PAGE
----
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Cycling could double in London with shared e-bike systems

By Michiel Modijefsky / Updated: 03 Dec 2018

Shared e-bikes, implemented at scale, could double the number of bicycle trips in London, increasing their modal share and reducing congestion and pollution. A recent report by Steer suggests that 813 000 daily trips in Greater London could switch to shared e-bikes. This would lead to 21 000 fewer hours spent in traffic and 184 fewer metric tons of CO2 emissions every day.

‘Switchable trips’

Based on current trip patterns, the study assessed how many daily trips could potentially switch to shared e-bikes. The study uses a ‘switchable trips’ methodology that is also applied in Transport for London’s  (TfL) – Analysis of Cycling Potential. It considers both complete (door-to-door) trips as well as the first/last mile station access/egress portion of public transport trips. However, it excludes trips by children, people over 80 years of age, and trips that are too long, too short, or that involve accompanying children or carrying luggage.

Modal shift

On this basis, the study finds that out of the 17.4 million daily trips made across Greater London, about 8.2 million trips are potentially ‘switchable’ to shared e-bikes. It is suggested that large-scale deployment of e-bikes would result in a switch of 813 000 daily trips to shared e-bikes. This corresponds to a modal share of 4.7 %, roughly twice the current share. The largest part of the modal shift to e-bikes comes from public transport (325 000 trips), followed by vehicles (279,000 trips), while changes in walking (116 000 trips) and first/last mile (95 000 trips), trips account for the remainder of the modal shift.  


An important assumption underlying the calculations in the report is that the positive trend in cycling use seen in recent years continuous. London Mayor’s Transport Strategy aims to ensure that by 2041, 80% of journeys in London will be made by cycling, walking and public transport. To reach this objective continued investment cycle infrastructure is required which normalises cycling for a wider range of people and for more trips. The introduction of shared bike schemes has been a strong force in popularising cycling. The Steer report estimates that development of a shared  “dockless”  e-bike system(s) at scale would require between 81,000 to 163,000 new e-bikes in London, along with the necessary bike lane and charging infrastructure, to meet the identified demand.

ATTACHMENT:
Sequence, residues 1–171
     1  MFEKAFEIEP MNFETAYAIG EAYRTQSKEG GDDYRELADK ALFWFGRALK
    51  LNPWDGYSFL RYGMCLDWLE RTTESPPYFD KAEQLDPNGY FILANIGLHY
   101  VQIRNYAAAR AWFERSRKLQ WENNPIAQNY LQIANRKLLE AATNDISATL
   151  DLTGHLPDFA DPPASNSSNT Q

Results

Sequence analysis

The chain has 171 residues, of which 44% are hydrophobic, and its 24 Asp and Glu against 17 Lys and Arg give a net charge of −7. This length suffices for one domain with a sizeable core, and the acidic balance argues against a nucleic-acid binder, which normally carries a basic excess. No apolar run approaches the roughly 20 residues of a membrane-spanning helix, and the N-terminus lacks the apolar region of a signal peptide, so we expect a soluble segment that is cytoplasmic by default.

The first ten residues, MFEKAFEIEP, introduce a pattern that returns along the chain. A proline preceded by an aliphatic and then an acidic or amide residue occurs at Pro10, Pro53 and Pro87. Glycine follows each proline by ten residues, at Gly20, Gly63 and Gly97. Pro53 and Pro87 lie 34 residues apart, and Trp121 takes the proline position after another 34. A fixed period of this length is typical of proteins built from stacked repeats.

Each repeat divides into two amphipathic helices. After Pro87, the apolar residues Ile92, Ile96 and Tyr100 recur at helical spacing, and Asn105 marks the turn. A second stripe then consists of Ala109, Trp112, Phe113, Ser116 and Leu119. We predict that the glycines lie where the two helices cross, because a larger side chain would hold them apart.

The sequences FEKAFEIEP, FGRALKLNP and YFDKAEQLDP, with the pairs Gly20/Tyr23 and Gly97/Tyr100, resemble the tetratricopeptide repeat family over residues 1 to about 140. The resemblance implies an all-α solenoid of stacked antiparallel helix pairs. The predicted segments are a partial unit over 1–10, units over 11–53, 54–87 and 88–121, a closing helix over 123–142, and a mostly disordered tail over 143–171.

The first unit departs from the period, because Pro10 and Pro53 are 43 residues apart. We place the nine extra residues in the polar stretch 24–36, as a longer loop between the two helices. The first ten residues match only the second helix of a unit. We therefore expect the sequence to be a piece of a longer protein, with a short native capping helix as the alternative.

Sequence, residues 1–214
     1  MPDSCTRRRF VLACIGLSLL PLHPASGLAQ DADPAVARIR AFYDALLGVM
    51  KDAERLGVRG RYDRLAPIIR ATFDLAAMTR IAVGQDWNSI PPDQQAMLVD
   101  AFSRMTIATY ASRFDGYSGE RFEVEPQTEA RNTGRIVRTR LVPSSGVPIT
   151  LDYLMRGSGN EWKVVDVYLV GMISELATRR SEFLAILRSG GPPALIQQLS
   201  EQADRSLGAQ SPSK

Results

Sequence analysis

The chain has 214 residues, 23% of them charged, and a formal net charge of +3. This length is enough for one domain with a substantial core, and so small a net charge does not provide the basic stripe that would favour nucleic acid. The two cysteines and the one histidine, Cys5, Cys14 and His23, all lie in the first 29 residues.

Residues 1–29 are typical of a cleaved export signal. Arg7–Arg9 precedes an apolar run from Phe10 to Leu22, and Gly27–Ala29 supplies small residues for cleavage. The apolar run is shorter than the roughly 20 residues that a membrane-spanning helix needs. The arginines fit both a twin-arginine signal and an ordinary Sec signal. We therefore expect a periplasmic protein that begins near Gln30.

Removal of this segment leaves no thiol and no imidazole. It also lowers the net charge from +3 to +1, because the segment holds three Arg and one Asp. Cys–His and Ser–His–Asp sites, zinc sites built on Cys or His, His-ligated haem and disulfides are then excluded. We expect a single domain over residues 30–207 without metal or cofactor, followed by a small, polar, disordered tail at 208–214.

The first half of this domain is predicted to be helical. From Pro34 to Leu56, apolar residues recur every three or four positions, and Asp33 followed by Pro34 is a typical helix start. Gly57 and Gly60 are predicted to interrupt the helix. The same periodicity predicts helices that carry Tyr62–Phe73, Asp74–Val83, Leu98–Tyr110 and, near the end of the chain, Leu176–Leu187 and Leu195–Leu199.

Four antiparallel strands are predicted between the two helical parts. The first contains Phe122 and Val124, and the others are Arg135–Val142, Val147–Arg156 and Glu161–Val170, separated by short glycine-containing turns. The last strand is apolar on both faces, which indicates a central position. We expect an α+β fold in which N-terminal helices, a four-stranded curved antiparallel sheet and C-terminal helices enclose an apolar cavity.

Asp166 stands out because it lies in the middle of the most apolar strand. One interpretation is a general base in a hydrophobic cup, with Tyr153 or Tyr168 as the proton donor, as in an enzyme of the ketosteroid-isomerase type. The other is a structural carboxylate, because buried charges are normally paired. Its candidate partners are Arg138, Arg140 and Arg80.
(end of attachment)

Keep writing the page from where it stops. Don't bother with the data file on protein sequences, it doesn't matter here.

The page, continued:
In order to ensure the benefits of such schemes are maximised – and that London avoids the problems they have caused in other cities – a strategic approach is required, a report by the London Assembly Transport Committee concluded earlier this year.

The report calls the implementation of a London-wide licensing scheme involving a small number of operators being licensed to lend bikes across the city. In addition, Supplementary Planning Guidance for cycling should instruct boroughs to require that new developments have parking space for dockless bikes and TfL should provide space in appropriate places on the TfL Road Network.

Currently, TfL does not have the powers to regulate dockless bike operators at a London wide level as this falls within the remit of the local highway authorities. TfL is working with London Councils to explore the possibility of establishing a new bye-law to enable a pan-London approach to be taken.

TfL is also considering the best approach to dockless parking as more bikes are deployed and, based on operational feedback from boroughs, is planning to update its code of practice for operators before the end of 2018. In addition, a new Cycle Parking Strategy is to be developed by spring 2019.

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